Take your kids with you to make pet ownership a reality. Find a pet that fits well with your family’s lifestyle and is something your kids will be able to help care for. Then, find a group either online or in person to help your kids get past that new pet rush and crash. Have fun!
About the Author
Jessica Hampton-Diamond is the co-founder and owner of Platinum Leash Pet Care Company located in Portland, Oregon. A mother of three and a pet parent, she writes about animals, people, parenting, and adoption.
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by Jennifer Prill, owner of SideKick Dog Training
[NOTE: This post originally appeared on www.sidekick-dogtraining.com]
Dog parks! In a perfect world, they’re such awesome places to take our SideKicks: You can get some great off-leash training practice in; dogs are able to run free and really stretch their legs inside secure fencing (and, sometimes, parks even have agility equipment for your dog to climb around on); and the dog park provides the opportunity to meet new people and other dogs!
But, there are a few operative words at work there: “In a perfect world.” Unfortunately, we do not live in a perfect world and a wonderful trip to the dog park can turn south very quickly.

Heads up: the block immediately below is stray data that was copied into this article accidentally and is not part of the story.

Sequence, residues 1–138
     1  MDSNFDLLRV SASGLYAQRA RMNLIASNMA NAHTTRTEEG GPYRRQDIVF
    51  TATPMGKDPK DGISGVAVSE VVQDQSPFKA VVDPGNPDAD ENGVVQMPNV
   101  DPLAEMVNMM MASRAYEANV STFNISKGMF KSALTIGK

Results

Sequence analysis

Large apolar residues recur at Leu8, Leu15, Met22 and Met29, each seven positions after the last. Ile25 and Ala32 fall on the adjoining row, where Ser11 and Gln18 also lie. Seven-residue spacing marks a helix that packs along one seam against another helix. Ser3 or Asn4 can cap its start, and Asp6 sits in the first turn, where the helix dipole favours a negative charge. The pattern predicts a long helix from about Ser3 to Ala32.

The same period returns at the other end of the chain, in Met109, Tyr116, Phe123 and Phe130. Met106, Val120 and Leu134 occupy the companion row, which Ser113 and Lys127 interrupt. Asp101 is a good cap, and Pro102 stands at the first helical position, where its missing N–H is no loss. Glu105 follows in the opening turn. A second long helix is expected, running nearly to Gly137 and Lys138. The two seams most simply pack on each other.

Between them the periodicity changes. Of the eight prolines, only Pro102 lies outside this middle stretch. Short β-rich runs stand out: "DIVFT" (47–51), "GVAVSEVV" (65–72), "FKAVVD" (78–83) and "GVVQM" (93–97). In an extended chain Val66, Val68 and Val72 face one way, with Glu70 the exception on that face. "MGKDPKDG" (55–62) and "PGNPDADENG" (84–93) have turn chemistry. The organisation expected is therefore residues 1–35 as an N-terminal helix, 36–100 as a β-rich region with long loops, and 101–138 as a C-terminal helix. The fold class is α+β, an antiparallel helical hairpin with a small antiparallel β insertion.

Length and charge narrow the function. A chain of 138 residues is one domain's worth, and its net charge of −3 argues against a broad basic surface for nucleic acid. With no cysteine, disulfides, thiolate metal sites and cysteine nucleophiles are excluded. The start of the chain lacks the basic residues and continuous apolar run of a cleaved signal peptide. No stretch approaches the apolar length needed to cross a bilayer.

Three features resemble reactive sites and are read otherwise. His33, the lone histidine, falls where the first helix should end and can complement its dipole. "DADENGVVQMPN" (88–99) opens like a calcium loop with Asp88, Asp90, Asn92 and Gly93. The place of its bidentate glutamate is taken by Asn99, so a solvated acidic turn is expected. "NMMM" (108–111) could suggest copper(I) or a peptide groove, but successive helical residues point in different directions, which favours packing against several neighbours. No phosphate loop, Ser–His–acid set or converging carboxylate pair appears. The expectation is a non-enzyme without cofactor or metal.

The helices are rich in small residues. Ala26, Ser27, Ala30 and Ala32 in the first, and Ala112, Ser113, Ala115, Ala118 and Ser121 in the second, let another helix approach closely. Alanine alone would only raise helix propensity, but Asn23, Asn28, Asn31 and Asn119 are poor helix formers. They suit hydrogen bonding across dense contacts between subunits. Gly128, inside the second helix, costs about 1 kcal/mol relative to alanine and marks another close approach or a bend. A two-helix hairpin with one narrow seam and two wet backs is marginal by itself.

Going to the dog park involves so many variables – more than we could ever hope to control or account for – and a lot of the concerning variables revolve around untrained, unruly, off-leash dogs and inattentive or inexperienced dog parents. The dynamics of dog play and dog interactions are sensitive and it only takes the introduction of one new dog to completely throw those dynamics into chaos.
“But, it’s such a great place to socialize your dog!”
Well…yes and no.
As I mentioned, the dog park can be a great place to meet new people and dogs, smell new stuff, experience new sights and places – this is exactly what socialization is! However, proper socialization involves slowly introducing your dog to new things and small challenges in a controlled, positive experience. Proper socialization means you’re doing everything you can to ensure your dog leaves that experience feeling successful!
Proper socialization is not taking your dog some place and plopping them in the middle of a new situation with new dogs and new people. We cannot wave a magic wand with a flourish and shout, “Socialize!” This method of socialization can quickly result in fear of anything and/or everything and definitely doesn’t help your SideKick feel successful tackling new challenges.